What is Theravada Buddhism?
Theravada, the "Doctrine of the Elders," is the school of Buddhism that draws its scriptural inspiration from the Tipitaka, or Pali canon, which scholars generally agree contains the earliest surviving record of the Buddha's teachings.
For many centuries, Theravada has been the predominant religion of continental Southeast Asia (Thailand, Myanmar/Burma, Cambodia, and Laos) and Sri Lanka.
Today Theravada Buddhists number well over 100 million worldwide. In recent decades Theravada has begun to take root in the West.
"On one occasion Ven. Ananda went to the Blessed One and, on arrival, having bowed down to the Blessed One, sat to one side. As he was sitting there, Ven. Ananda said to the Blessed One, "This is half of the holy life, lord: admirable friendship, admirable companionship, admirable camaraderie."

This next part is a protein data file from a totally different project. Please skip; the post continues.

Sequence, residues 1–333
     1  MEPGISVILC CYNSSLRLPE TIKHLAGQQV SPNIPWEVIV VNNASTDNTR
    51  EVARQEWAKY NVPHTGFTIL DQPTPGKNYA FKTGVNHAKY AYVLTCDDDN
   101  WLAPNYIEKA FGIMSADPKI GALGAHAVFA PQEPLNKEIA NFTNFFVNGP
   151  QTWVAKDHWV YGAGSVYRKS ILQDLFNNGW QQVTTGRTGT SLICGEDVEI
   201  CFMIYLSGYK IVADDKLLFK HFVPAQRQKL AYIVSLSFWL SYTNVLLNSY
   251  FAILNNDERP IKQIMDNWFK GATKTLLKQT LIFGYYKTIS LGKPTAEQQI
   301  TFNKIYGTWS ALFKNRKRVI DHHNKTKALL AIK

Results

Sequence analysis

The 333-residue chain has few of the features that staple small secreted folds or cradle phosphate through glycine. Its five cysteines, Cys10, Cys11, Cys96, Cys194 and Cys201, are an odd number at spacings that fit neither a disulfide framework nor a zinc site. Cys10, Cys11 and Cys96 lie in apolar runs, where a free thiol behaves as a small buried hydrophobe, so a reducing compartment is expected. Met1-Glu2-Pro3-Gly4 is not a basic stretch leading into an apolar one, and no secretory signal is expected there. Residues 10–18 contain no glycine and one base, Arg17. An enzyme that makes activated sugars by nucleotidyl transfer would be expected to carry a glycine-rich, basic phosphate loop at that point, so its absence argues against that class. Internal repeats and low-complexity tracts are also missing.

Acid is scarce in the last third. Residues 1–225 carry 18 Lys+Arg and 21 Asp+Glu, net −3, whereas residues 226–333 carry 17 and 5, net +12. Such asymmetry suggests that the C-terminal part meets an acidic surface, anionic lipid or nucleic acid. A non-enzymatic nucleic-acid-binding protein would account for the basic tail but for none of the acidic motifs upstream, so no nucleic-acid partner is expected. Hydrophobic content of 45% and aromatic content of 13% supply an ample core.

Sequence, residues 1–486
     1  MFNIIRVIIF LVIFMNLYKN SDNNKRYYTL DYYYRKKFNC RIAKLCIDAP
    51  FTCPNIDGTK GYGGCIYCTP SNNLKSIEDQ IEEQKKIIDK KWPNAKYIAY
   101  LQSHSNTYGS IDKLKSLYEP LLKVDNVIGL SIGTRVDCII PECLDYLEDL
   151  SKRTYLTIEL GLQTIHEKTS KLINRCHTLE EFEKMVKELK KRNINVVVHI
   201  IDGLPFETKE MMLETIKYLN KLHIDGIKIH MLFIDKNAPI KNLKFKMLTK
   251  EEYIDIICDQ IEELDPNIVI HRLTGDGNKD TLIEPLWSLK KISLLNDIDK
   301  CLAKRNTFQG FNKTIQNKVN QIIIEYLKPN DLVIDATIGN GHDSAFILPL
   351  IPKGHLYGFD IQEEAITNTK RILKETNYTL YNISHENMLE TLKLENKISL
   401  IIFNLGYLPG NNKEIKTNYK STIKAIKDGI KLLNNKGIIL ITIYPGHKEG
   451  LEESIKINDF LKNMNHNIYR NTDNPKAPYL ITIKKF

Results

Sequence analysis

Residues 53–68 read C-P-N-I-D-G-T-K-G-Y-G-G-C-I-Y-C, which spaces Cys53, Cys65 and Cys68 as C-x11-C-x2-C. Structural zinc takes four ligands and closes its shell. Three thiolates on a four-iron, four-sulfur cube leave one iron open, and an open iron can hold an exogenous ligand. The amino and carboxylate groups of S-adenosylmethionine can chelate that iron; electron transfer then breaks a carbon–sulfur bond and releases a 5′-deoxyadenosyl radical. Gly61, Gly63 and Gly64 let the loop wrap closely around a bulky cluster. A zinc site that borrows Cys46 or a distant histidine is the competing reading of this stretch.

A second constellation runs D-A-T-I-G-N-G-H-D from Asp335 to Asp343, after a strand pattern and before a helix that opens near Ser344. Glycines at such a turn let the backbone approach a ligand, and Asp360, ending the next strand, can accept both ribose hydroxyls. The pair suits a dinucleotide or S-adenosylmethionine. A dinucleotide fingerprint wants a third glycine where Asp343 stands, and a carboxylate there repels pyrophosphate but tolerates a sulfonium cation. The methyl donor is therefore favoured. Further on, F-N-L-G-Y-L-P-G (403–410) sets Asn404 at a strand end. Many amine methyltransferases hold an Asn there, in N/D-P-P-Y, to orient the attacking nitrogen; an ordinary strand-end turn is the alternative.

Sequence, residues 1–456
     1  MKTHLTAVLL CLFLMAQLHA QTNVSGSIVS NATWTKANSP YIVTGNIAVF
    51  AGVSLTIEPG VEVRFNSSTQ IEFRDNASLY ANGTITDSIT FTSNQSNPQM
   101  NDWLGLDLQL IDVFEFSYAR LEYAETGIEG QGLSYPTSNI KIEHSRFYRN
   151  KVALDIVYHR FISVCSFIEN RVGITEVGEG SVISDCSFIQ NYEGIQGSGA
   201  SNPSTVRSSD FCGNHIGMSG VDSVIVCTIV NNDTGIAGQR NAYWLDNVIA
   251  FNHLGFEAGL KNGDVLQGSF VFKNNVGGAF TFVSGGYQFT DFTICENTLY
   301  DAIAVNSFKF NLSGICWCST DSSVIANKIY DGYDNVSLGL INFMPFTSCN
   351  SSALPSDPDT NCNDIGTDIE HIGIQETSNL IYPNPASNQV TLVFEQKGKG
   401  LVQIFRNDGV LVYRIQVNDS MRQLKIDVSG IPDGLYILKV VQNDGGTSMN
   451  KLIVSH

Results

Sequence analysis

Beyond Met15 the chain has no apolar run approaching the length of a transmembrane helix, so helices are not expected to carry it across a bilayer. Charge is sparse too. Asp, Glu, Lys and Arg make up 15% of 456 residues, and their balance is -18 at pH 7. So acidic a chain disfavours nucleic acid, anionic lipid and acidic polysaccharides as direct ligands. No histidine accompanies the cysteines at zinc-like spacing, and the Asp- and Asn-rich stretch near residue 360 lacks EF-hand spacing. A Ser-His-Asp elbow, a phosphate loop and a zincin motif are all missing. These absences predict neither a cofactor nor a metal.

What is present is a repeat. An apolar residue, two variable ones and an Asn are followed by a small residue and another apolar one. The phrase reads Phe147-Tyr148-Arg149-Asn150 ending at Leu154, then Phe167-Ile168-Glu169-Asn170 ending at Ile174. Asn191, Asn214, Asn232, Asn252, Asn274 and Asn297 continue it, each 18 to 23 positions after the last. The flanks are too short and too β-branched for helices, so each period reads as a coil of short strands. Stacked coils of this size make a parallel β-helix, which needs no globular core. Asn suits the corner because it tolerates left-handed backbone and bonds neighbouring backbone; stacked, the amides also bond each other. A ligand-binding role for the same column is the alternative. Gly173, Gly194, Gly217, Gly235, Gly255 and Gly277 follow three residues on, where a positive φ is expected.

"Don't say that, Ananda. Don't say that. Admirable friendship, admirable companionship, admirable camaraderie is actually the whole of the holy life. When a monk has admirable people as friends, companions, and comrades, he can be expected to develop and pursue the noble eightfold path."